Before you look at the video at the end of this post, answer me this: What do the following have in common?

  • A wooden block of kitchen knives
  • A troll doll on a tricycle
  • A box cutter
  • Four crayons
  • Salt and pepper shakers
  • A can opener
  • A stapler
  • A squeaky green frog toy
  • A soda straw holder/dispenser, with straws
  • A hand drill

Those are many of the items on the table of surgical utensils shown on the video of Like a Surgeon by Weird Al Yankovic. It’s a testament to its comic density that they all flash by in one second (at 1:15 below), much too fast for any viewer to find in one sitting.

When Mad Magazine was still a comic book, Will Elder pioneered the practice of adding little gags in every background of every panel. Like a Surgeon is the closest I’ve seen to bringing that “Chicken Fat” effect to live action. Weird Al’s other 80s videos were funny (mostly), but never like the first three minutes of this.

MBC logoAs I mentioned in an earlier post, I spent a few days in Chicago last month. Every baseball fan should make a pilgrimage to Wrigley Field at least once. Nuff said.

Between my Wrigley tour and a game the next day, I had some time to spare. I happened to see a brochure for The Museum of Broadcast Communications just down the street from my hotel, so I went to check it out.

As a physical museum, MBC is a work in progress. The radio floor is laid out with a row of Radio Hall of Fame portraits and little else, but there are great old specimens of receiving equipment around the corner.

Upstairs on the TV floor, there are almost a dozen exhibits of old programming, but there’s arranged erratically. One is sports through the decades, another is children’s shows, another is sitcoms. But there’s no flow to the narrative, just different pull-outs of TV history, often Chicago-centric programming. There’s also a TV news setup in one room so you can try your luck at delivering a story from the anchor desk or a weather forecast in front of a green screen.

My guide at the museum kept showing me its different sections, and when we got to the TV area, he made it a point to mention that I really should check the archive of video that’s available online at Museum.TV, which happens to be the MBC’s web site. That archive was unavailable then, but a recent check showed that it’s a treasure trove now. MBC has hundreds of video clips available on demand. You have to register to view them, they’re pretty low-quality, and they use Windows Media Player, but this wealth of free TV history is just amazing. This feast for the TV historian gives me hope that the physical museum might get its act together too. Check it out!

Dyle screenshotThere’s an old fable about a dog lying in a manger. The dog can’t eat the hay in the manger, but it blocks the horse from eating. The moral: People frequently begrudge something to others that they themselves cannot enjoy.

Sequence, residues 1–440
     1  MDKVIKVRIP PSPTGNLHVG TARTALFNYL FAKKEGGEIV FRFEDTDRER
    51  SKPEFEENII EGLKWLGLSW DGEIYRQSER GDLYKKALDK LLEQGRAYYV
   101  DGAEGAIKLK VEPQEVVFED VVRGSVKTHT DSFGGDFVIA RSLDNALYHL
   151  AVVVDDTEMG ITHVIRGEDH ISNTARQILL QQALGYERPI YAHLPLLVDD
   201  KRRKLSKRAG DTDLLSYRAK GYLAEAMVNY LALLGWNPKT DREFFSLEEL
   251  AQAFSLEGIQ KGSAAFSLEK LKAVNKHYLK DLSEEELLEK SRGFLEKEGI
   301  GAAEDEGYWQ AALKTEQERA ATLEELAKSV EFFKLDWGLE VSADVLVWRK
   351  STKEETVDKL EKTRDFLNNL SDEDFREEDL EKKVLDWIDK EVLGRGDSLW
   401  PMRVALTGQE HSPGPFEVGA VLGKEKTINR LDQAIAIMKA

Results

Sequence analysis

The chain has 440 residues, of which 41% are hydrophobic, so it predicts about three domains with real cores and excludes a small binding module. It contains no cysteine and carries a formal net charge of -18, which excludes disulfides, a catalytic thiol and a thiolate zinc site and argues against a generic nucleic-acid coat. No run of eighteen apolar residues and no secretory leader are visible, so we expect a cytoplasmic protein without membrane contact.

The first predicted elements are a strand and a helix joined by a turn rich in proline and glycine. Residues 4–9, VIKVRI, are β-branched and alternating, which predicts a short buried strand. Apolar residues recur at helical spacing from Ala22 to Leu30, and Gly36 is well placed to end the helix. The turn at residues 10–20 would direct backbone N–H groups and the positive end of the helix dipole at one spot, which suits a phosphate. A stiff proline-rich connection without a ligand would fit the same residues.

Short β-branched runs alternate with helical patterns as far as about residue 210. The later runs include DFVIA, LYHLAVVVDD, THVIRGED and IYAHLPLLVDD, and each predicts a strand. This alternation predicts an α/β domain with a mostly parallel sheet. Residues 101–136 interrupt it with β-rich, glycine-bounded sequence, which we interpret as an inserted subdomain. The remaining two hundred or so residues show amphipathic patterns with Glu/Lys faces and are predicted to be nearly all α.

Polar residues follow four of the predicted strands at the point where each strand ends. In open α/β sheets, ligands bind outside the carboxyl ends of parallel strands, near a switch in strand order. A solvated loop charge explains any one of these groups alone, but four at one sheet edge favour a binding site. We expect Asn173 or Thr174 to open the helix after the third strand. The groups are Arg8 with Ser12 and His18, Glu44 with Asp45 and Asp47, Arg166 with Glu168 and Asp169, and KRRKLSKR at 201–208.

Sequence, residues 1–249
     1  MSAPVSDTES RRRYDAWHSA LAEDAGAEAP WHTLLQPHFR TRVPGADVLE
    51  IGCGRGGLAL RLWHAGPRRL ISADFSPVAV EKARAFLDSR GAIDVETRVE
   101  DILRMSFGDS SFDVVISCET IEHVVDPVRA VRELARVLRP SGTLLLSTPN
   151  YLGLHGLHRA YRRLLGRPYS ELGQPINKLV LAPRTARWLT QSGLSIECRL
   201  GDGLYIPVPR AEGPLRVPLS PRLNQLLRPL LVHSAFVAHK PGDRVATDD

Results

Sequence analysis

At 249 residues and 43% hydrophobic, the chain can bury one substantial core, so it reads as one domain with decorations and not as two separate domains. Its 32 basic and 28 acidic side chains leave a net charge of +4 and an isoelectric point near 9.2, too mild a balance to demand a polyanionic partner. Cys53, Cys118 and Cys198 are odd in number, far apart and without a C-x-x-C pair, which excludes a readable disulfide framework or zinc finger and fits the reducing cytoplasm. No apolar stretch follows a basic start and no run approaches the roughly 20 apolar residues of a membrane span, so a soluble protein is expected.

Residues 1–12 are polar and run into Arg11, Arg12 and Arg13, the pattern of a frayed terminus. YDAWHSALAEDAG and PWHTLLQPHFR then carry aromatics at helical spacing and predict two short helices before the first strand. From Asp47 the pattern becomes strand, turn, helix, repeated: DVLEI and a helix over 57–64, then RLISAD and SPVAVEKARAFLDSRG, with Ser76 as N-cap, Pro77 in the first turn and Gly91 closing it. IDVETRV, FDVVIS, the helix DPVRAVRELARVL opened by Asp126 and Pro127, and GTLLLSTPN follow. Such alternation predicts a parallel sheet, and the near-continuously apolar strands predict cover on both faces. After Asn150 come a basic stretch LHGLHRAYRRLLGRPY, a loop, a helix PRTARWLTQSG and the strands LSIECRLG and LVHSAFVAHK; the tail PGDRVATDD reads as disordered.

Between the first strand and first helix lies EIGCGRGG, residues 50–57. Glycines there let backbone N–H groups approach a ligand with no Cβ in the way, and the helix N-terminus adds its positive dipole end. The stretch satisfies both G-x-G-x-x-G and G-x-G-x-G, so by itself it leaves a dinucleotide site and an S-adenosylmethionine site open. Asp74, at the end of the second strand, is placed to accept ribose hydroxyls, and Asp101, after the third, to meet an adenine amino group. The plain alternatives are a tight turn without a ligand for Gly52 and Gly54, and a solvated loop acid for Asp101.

So we turn our attention to Dyle, the latest flavor of mobile digital TV. As a service, it’s a dog. It uses TV station bandwidth to send a signal that only Dyle-approved devices can receive, and requires each device to be registered online to work. It’s using free bandwidth, but it only promises to remain free to viewers (which it ominously calls “subscribers”) through the end of 2012.

The problem Dyle purportedly solves is viewing live digital TV while moving, as in a car or train. Based on the FAQs, it might not work inside buildings, so I’m guessing that subways are out. It won’t work in airplane mode, so that leaves flyers out. You wouldn’t watch it while driving. So that leaves passengers on buses, cars, and trains, if they can pick up a signal inside one of those things.

Other reports such as this old Washington Post story suggest another reason for Dyle’s existence: To justify retaining bandwidth instead of letting the FCC hand it to cell phone companies to improve internet access. Or if broadcasters ever have to sell it, to improve that real estate so it isn’t a vacant lot. By creating a competitor to IP-based mobile video, broadcasters have built an plausible alternative to handing over that bandwidth.

Any new service is going to have a chicken-egg problem, but Dyle has few chickens or eggs. Despite some proof-of-concept standalone devices, mobile TV needs to be on the smartphone that’s already in the viewer’s pocket. But it was only last month that Dyle was finally able to announce the first Dyle-compatible phone, which uses MetroPCS service. (I don’t think the major cell companies are going to rush to embrace the technology that will help the FCC deny them bandwidth.) And stations? Dyle has exactly one in Colorado. And that’s one more than in at least 10 other states. In Washington DC, where you’d think they’d be showing it off to FCC staffers, Dyle has five stations. A cornucopia of entertainment it ain’t.